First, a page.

On top of their education and clinical experience, neonatal nurses typically achieve several certifications to ensure they are adequately trained for their role. Although certifications aren’t always strictly necessary in order to work in an NICU, they can go a long way in making you a top candidate for the job. Plus, these extra certifications can help down the line with career advancement and consideration for high-level positions.

Some of the most common neonatal nurse certifications are:

  • Critical Care Neonatal Nursing Certification from the American Association of Critical Care Nursing (often called CCRN Neonatal)

  • Pediatric Advanced Life Support (PALS)

  • Neonatal Resuscitation Program (NRP)

Neonatal Nursing Salary

The United States Bureau of Labor Statistics doesn’t have specific data on neonatal nursing salaries. Instead, it tracks the earnings of RNs as a whole. In 2019, the median annual income for RNs was $73,300. Most RNs who work for a hospital or medical facility receive benefits packages in addition to their salaries.

However, you can expect to earn more than average by seeking more specialization and a higher degree of certification as a neonatal nurse. Those who work in the NICU may receive even higher salaries. In fact, data from ZipRecruiter shows that the national average salary for RNs who work in the NICU is nearly $102,000 per year.

In general, RN salaries are dependent on a number of different factors, such as:

  • Education

  • Certification

  • Specialty

  • Years of experience

  • Location

  • Setting (large hospital vs. small clinic)

  • Hours

Career Outlook for Neonatal Nurses

The neonatal nursing career is expected to grow across the country, in urban, suburban, and rural areas. Populations are growing, babies are continuing to be born, and roughly 10% of those babies will need special care.

Also, The Atlantic reported that one million RNs working today (which is about 33% of the entire nursing workforce) are over the age of 50. This means that there will be many vacancies in the field within the next ten years as that generation begins to retire.

With education and experience, those who enter the field of neonatal nursing can go on to fill many different roles. A few examples include:

  • Staff nurses

  • Nurse managers

  • Developmental care specialists

With a graduate level education and additional certification, pediatric nurses may also go on to fill the following advanced nursing positions:

  • Clinical nurse specialists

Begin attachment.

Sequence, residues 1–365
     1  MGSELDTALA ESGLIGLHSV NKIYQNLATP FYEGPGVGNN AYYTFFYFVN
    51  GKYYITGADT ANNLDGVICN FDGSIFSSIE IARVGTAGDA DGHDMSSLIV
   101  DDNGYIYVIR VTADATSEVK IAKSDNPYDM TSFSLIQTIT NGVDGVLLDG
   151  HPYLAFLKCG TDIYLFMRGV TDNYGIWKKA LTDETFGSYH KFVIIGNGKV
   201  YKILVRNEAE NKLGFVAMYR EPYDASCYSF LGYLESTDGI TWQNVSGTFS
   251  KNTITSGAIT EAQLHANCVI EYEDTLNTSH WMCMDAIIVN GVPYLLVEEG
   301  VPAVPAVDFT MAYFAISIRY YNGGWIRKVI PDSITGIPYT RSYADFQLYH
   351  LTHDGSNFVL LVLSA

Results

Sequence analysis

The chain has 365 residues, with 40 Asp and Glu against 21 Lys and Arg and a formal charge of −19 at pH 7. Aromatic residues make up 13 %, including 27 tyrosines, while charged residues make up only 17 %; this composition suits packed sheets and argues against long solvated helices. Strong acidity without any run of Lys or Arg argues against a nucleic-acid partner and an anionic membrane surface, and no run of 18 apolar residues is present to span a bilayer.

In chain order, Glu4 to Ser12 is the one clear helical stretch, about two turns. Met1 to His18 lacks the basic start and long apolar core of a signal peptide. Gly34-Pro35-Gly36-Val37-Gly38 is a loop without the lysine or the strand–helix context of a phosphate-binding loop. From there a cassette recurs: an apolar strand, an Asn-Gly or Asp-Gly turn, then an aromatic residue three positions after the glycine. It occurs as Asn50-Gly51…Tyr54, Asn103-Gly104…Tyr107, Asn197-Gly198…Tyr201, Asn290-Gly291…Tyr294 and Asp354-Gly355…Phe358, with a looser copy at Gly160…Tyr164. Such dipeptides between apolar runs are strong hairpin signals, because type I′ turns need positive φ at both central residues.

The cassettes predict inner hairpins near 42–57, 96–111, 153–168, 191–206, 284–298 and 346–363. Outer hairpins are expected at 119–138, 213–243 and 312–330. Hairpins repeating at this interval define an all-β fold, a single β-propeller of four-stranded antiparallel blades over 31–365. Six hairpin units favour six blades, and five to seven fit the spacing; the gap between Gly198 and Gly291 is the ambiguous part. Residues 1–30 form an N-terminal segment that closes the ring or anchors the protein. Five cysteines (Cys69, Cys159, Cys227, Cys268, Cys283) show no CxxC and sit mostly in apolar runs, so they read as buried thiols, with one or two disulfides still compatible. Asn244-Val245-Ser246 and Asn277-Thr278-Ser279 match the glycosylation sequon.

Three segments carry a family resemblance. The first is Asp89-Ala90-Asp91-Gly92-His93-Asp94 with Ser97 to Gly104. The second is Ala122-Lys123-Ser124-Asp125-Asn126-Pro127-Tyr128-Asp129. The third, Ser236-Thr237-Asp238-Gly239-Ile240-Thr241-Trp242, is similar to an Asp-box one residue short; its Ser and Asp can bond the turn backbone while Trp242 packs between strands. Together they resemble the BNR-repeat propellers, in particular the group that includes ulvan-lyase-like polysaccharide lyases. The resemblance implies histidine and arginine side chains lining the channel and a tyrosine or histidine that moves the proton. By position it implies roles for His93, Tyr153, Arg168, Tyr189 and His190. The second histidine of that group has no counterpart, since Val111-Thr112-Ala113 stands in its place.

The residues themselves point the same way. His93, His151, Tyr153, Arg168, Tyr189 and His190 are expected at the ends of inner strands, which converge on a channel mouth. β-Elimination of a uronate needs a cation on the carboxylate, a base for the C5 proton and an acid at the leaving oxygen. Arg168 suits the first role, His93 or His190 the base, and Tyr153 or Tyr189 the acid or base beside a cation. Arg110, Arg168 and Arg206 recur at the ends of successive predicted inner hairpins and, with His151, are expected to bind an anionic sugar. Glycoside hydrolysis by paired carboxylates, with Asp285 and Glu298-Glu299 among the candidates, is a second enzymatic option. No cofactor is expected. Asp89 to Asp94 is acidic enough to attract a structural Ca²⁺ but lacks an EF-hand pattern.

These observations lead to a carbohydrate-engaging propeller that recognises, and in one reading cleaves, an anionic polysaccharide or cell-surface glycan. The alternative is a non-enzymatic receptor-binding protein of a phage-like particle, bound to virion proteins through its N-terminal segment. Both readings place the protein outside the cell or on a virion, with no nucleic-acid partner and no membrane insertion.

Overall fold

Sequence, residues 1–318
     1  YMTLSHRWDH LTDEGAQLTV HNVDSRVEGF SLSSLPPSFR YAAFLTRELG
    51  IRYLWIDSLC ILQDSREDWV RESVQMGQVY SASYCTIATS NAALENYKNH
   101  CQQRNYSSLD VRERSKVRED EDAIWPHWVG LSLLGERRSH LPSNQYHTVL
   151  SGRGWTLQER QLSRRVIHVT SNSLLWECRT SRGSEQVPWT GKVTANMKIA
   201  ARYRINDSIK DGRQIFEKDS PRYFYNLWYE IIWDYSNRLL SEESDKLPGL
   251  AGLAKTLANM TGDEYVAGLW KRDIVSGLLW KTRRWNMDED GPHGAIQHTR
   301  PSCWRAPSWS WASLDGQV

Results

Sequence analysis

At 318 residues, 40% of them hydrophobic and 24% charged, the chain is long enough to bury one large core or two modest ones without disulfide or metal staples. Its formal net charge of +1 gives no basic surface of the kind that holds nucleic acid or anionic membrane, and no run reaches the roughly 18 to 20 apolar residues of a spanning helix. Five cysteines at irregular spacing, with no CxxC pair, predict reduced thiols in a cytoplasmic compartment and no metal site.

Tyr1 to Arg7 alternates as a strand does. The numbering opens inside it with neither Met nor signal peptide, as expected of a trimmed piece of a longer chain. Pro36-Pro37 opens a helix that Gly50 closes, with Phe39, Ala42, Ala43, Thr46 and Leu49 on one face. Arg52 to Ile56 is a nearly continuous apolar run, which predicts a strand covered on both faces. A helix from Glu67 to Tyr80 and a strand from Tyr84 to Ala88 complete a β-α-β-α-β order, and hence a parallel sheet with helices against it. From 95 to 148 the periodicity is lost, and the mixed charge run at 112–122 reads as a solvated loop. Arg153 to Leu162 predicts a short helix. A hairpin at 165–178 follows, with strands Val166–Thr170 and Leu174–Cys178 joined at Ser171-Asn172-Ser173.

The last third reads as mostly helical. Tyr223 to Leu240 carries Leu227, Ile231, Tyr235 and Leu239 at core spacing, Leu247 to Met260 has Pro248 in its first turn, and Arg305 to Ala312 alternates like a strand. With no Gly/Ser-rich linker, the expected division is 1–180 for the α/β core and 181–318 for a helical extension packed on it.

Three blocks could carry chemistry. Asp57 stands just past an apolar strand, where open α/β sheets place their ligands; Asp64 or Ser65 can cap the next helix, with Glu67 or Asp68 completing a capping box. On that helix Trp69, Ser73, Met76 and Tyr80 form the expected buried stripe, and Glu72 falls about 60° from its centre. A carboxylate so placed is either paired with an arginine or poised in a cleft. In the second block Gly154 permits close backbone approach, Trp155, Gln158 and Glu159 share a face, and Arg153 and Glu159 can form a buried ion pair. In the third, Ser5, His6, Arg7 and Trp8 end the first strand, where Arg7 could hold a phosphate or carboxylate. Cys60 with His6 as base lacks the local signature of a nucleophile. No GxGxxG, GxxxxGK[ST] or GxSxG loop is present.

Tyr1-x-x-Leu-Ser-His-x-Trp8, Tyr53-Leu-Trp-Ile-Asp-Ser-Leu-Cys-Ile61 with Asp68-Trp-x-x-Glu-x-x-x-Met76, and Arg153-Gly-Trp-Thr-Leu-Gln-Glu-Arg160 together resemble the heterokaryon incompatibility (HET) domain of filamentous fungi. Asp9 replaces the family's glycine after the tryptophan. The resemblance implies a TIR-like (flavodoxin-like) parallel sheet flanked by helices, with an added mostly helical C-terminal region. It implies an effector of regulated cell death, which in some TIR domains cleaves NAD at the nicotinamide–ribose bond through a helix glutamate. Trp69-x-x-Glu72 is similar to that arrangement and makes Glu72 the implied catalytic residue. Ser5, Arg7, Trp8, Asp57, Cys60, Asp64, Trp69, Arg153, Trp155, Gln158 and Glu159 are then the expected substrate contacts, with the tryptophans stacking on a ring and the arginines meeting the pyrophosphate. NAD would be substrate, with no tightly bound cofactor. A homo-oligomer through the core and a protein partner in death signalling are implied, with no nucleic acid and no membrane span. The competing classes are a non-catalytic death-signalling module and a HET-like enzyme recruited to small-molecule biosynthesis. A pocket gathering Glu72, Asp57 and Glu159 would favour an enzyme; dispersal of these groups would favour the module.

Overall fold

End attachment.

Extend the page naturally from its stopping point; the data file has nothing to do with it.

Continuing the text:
• Neonatal nurse practitioners

Personality Traits and Skills of a Successful Neonatal Nurse

In addition to all of the specialized training, there are a few key characteristics that help neonatal nurses succeed in their careers:

  • Organization – Almost all nurses work in a fast-paced environment. Staying organized is key to navigating such a rapidly changing workplace.

  • Staying calm under pressure – The birthing process (and the days that follow) can be one of the more acutely stressful situations that patients experience. Neonatal nurses thrive when they are able to compartmentalize that stress and provide a sense of stability for others.

  • Empathy – Neonatal nurses work with parents who are going through an incredibly profound and emotionally exhausting experience. It’s important that neonatal nurses have a sense of compassion for parents. Although a neonatal nurse might care for multiple critically ill newborns in one day, for many people it’s not nearly as common. Neonatal nurses help parents find their strength in an unfamiliar situation.

  • Attention to detail – In healthcare as a whole, details matter. Small changes can have big consequences. For newborns, these small changes may seem even smaller. It’s important that neonatal nurses don’t miss them.

  • Resilience – Neonatal nurses, like many other healthcare professionals, may witness a number of sad and distressing situations. Those who thrive in this career are able to experience its emotional peaks and valleys while practicing self care and seeking help and support when needed…

Start Your Neonatal Nursing Career Journey Today

If you think you’re a good fit for a career as a neonatal nurse, you can begin your new path today. You might be asking yourself: What if I already have a degree and a job? How can I go back to school for four more years?

With a top-tier and fully-accredited online program, you don’t have to spend four years earning a nursing degree in person. Instead, you can earn an accelerated Bachelor of Science in Nursing (ABSN) degree online, for less money, and without having to move or leave your job. The only in-person commitment involved in a distance ABSN program would be the required clinical hours. Many schools even provide clinical placement services to help students find local facilities to complete these hours at.

ABSN degrees work just the same as a regular BSN degree—once you’ve finished your education, passed the NCLEX-RN, and obtained a valid nursing license, you’ll be eligible to become a registered nurse and specialize in any number of fields like neonatal nursing, geriatrics, home health care, infection control, hospice, clinical development, and more.

If you’re ready to make a change, get started today by finding your online ABSN program.

 

 


 

Sources:

National Association of Neonatal Nurses. Is a Career in Neonatal Nursing Right for You? http://nann.org/about/what-is-neonatal-nursing

AllNursingSchools. How to Become a Neonatal Nurse Specialist or Practitioner. https://www.allnursingschools.com/specialties/neonatal-nursing/

Nurse. 3 Steps to Becoming a Neonatal (NICU) Nurse. https://nurse.org/resources/neonatal-nicu-nurse/